“(Aztec basketball culture) is really good people who work really hard, who love what they do and love the people they do it with,” he said. “And at the end of the day, if we win that’s even better. We are going to do everything we can, and we are gonna do it the right way. That is what (Fisher and Dutcher) stand for as our leaders.”

Velasquez’s multifaceted experiences influence his appreciation for how much the program has grown.

“We travel a bit differently; we are sponsored by Jordan. I remember a time having to buy our own Jordans to be able to wear them,” he said. “The main value is the relationships with the fans, community, donors, administration… it’s special to say you have been here more than half your life.”

All Pillars

The Aztec players understand that all of the coaching staff is connected. They each have a voice in everything they do on a day-to-day basis.

A level of trust and understanding is where the accountability and discipline develops from. It is not one way the program runs — it is about the different leadership skills that have been developed and incorporated to the many years of Aztec basketball.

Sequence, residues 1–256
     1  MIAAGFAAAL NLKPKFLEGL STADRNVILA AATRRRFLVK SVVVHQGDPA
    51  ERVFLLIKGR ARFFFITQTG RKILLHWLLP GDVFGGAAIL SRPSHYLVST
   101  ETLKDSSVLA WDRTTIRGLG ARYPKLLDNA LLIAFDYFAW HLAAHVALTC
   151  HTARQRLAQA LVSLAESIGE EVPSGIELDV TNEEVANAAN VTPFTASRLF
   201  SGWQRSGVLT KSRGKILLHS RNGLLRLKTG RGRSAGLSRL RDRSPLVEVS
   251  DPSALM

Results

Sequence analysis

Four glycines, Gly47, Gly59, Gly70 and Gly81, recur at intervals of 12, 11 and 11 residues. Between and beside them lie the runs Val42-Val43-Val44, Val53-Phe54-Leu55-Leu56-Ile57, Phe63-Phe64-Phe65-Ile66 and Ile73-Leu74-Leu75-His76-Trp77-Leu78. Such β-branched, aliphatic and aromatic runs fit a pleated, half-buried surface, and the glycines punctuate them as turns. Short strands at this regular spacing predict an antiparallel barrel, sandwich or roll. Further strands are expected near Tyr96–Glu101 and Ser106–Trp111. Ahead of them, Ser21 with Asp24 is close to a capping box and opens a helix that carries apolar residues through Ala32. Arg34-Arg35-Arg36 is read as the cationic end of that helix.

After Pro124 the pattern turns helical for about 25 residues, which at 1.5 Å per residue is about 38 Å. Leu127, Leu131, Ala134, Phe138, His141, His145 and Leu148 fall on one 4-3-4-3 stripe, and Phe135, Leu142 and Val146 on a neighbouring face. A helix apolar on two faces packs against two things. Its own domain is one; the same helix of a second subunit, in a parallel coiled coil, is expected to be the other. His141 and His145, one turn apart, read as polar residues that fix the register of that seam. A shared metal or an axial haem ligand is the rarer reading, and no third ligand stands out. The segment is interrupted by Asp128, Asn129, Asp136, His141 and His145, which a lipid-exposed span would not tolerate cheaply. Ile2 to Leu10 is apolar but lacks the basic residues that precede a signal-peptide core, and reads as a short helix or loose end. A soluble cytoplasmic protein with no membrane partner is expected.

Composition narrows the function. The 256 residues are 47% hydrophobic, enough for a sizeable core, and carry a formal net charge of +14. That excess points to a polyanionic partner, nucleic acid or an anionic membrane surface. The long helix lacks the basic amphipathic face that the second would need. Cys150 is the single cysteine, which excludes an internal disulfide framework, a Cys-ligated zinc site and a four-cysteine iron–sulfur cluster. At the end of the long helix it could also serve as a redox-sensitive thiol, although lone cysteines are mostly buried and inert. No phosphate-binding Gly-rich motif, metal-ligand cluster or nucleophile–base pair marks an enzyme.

The Scarlet and Black are built differently. They are part of the Mountain West Conference, but they compete like a power-five conference team. The Aztecs have a staff who have put in decades worth of their time because of the resources that they have acquired over the years.

This current assistant coaching staff has built a solid foundation because of the responsibilities they have on a collaborative level.

Between working with the players through on-court coaching, guiding them academically and socially through off court mentorship, and simply knowing what it is like to walk a mile in their college-basketball-sized shoes, Luster, Acker and Velasquez are pillars holding up the culture of the team.

About the Contributor
Sumaia Wegner
Sumaia Wegner, '23-24 Managing Editor
Originally from Santa Clarita, California, Sumaia Wegner is a is a double major, studying Journalism and Communication.  She started as a staff writer for The Daily Aztec, then became Arts and Culture Editor, and is now the current Managing Editor. Aside from her leadership role, Sumaia is also a reporter for the men's basketball team. Last year she covered the Mountain West Championship as well as the NCAA Championship. Sumaia is the president of the Asian American Journalists Association (SDSU Chapter) as well as the vice president of Culture and Diversity for SDSU's College of Professional Studies and Fine Arts. She started her career as a journalist while she was traveling abroad in Bangladesh, where she was a writer for The Independent newspaper. She wrote for the “Youth and Independent” section focusing on narratives that evaluated eastern and western cultures. Sumaia has received the following awards for The Daily Aztec: "The Inspirer," "Quest for Excellence," and "Best Section."